You want improprieties? Go to Penn State, Baylor, Michigan State or Ohio State. Now those are improprieties.

A&M will have to face the music and pay for its crimes as they should and we will all move on.

But this is only the tip of the iceberg. I talked to a former NCAA official and he says there will definitely be more of this coming. Players only get five years to play four. That year they have to sit when they transfer is valuable, valuable enough to turn in a rogue coaching staff. Here’s an idea. If you don’t want players to snitch on you for cheating, don’t cheat. Novel but pretty simple.

Every coach is on notice now. There are 100 or so potential whistleblowers out there roaming the sideline. “Don’t play me? Guess what. I’m transferring and calling the NCAA.”

I’m pretty sure this won’t sit well with the coaches. But their fight is more with their basketball counterparts than the NCAA. College basketball coaches have been the most adamant about the transfer rule remaining unchanged. With only five starters the bball coaches think they would have total anarchy on their hands if they allowed free transfers.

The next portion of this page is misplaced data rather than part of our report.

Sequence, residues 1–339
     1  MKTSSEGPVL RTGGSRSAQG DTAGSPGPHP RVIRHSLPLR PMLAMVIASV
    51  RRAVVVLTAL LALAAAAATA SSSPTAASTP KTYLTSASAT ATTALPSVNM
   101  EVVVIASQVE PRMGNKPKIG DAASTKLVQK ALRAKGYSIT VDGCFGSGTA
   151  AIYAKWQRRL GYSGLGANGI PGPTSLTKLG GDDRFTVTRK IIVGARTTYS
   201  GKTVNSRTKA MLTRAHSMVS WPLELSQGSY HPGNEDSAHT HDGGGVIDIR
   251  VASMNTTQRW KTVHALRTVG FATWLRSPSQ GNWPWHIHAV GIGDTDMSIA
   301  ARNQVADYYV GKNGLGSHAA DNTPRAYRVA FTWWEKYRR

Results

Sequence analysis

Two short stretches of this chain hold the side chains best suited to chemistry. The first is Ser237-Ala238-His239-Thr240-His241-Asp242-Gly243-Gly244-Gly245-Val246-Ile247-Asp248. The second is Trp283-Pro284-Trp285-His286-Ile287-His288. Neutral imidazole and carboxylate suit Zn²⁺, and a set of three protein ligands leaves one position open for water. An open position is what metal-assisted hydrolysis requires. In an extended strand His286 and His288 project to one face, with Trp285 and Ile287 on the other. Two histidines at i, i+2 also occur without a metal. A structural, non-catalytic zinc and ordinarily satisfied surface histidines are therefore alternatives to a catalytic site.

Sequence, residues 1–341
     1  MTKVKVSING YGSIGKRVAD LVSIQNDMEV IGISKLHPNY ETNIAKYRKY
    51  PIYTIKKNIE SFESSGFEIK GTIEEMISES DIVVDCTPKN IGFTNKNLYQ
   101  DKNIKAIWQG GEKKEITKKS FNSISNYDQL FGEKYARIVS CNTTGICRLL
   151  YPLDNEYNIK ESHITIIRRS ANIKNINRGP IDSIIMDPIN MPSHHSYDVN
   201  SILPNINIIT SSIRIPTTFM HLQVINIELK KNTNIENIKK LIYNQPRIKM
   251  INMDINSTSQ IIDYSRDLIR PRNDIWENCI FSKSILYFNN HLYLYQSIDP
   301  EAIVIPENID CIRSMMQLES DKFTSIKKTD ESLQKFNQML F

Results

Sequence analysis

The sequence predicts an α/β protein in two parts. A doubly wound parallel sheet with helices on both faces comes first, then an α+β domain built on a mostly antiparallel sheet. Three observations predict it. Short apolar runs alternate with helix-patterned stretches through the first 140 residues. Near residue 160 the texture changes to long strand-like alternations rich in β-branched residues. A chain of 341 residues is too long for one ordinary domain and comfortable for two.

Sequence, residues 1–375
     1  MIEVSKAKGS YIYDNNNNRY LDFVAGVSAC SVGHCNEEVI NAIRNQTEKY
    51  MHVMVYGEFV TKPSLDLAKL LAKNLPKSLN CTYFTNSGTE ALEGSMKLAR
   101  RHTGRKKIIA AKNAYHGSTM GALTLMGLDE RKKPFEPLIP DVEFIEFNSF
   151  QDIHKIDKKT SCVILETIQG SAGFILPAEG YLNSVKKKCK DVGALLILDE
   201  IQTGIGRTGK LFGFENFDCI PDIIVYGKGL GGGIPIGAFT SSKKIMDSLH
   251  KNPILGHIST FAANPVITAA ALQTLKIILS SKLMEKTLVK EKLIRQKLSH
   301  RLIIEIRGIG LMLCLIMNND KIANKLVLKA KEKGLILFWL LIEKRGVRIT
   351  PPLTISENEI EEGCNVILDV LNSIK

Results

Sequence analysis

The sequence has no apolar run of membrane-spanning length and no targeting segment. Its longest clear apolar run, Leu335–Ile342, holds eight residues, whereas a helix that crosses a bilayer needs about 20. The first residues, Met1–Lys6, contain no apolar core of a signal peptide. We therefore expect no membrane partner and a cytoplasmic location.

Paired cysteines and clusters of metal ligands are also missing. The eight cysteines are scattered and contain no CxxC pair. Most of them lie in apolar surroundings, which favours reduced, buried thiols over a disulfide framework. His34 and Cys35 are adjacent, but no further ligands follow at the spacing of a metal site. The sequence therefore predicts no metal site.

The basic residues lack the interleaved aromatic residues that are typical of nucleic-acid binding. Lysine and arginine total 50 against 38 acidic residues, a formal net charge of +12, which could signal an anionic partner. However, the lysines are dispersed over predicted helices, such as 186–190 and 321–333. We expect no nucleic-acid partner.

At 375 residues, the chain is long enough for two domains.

The only sports that make it penal to transfer are football, hockey, and men’s and women’s basketball. In all other sports the athletes can transfer and play immediately.

This football offseason the NCAA did address the other limitations that were put on the players. On top of sitting out a year, coaches had the ability to block players from transferring to certain schools. They can’t anymore. Now if a player wants to transfer he gives his name to the athletic director who puts it on a website for every coach to see. It’s more or less a waiver wire and it’s a move in the right direction. But it’s not enough.